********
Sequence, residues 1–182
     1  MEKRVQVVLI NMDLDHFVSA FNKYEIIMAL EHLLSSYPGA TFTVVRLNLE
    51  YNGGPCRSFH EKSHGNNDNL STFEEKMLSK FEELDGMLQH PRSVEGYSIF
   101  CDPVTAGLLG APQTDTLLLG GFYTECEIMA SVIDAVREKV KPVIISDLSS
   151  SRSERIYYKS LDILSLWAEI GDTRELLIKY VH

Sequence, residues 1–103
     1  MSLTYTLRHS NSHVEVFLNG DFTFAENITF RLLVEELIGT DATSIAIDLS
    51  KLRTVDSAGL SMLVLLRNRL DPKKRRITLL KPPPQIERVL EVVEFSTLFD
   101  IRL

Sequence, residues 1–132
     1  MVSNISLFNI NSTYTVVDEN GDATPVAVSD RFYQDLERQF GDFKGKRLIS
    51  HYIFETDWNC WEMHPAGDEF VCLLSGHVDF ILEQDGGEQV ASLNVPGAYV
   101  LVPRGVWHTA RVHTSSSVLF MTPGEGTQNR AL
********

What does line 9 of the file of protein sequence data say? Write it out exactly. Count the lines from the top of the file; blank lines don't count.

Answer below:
   101  IRL